E-readers like Amazon's Kindle DX represent a way for news publishers to cut costs in addition to capturing new readers and revenue streams. Newspapers are drawn to cutting general print and
circulation costs, which often represent 30% to 50% of their total costs. In an e-reader model, this distribution would cost the publisher virtually nothing. Dallas Morning News
James Moroney thinks e-readers give newspapers a new lease on life.
By 2012, Forrester anticipates an e-reader market potential of 12 million people. In comparison, daily newspaper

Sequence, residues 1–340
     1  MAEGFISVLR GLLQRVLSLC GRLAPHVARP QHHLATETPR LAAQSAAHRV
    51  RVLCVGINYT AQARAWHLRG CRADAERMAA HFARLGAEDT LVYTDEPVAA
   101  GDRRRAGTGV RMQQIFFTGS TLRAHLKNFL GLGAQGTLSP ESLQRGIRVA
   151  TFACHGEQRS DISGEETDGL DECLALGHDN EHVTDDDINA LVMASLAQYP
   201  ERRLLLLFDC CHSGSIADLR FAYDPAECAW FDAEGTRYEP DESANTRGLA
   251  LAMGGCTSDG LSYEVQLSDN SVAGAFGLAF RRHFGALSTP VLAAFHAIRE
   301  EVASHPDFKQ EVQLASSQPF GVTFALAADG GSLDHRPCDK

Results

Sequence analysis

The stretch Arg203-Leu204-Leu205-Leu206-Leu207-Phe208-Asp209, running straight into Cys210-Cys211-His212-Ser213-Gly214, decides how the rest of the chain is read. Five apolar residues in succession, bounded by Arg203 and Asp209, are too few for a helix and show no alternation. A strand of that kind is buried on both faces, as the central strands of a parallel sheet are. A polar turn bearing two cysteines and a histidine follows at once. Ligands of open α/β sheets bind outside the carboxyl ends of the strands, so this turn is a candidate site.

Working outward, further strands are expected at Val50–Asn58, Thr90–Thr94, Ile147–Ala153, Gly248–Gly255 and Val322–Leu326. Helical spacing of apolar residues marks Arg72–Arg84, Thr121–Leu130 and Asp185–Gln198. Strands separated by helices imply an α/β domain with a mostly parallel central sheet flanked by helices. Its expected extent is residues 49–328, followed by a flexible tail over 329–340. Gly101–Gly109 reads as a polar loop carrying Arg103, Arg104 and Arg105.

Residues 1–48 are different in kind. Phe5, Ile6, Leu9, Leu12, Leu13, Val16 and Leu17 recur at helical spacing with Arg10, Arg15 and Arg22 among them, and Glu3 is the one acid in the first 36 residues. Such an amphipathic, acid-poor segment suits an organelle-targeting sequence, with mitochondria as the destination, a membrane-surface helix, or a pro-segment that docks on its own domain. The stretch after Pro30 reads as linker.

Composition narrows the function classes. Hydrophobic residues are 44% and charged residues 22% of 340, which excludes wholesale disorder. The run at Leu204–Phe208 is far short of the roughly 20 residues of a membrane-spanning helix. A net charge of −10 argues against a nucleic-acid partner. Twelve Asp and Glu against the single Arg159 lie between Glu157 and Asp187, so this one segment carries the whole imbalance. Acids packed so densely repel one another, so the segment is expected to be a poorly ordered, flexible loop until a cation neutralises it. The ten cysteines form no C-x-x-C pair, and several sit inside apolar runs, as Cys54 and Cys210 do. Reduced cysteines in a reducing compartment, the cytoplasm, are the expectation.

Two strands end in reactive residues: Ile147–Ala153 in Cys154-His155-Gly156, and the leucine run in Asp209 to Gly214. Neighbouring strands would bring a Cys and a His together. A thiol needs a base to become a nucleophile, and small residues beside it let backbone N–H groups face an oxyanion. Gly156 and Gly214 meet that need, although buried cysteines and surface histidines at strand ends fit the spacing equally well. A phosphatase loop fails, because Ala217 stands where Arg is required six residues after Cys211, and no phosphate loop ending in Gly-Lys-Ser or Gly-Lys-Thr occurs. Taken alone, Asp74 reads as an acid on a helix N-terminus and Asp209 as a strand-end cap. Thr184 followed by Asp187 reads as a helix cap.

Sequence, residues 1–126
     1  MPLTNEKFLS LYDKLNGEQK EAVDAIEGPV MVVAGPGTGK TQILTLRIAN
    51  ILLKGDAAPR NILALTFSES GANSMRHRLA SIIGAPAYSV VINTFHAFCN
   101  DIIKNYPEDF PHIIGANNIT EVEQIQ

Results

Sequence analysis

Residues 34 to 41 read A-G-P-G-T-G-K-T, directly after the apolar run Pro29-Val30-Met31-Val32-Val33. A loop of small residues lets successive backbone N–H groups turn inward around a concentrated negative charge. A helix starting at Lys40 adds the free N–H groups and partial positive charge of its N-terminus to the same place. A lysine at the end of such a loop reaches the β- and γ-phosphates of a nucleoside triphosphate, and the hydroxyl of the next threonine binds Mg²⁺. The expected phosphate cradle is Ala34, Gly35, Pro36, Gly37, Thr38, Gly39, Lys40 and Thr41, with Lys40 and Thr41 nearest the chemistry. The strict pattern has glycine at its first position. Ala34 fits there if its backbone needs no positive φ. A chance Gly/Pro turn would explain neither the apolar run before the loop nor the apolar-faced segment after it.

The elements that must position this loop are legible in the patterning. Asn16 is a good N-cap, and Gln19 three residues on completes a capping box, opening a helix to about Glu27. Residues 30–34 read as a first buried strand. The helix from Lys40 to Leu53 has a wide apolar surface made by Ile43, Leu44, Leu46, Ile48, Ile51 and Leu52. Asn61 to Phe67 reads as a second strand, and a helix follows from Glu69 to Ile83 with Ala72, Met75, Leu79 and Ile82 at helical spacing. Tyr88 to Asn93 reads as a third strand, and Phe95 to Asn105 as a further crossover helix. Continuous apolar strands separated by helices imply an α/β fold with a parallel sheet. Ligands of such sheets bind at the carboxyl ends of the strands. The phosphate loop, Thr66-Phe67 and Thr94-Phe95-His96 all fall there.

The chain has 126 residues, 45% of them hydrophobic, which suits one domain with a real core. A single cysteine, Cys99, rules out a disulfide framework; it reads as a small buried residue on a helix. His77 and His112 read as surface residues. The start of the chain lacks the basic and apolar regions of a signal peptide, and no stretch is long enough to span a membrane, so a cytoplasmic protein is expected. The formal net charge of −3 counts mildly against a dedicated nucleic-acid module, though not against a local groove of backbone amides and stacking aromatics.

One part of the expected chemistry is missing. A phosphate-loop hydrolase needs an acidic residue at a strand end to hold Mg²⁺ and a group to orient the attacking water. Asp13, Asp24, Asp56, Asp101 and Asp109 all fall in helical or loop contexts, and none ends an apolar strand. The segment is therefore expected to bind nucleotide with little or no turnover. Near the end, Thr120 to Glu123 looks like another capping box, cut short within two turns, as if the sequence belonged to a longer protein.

circulation was roughly 48 million copies in 2008. So far, The New York Times, The Boston Globe
and The Washington Post
offer subscriptions on the Kindle DX.
Post is working on a trial in which the paper subsidizes the cost of the DX -- currently going for a hefty $489 at retail -- as part of a bundled subscription. The missing link, however, is
the advertising model. "The biggest unknown right now is, how much are advertisers willing to pay for an ad on an e-reader," says a Cox Media executive.
of reading a newspaper in a print format still appeals to many people and publishers would be foolish to discount the many readers who still like packaged, edited content. E-readers' strength
is that they are closer to the print product than content delivered on a Smartphone or even on the Web.?
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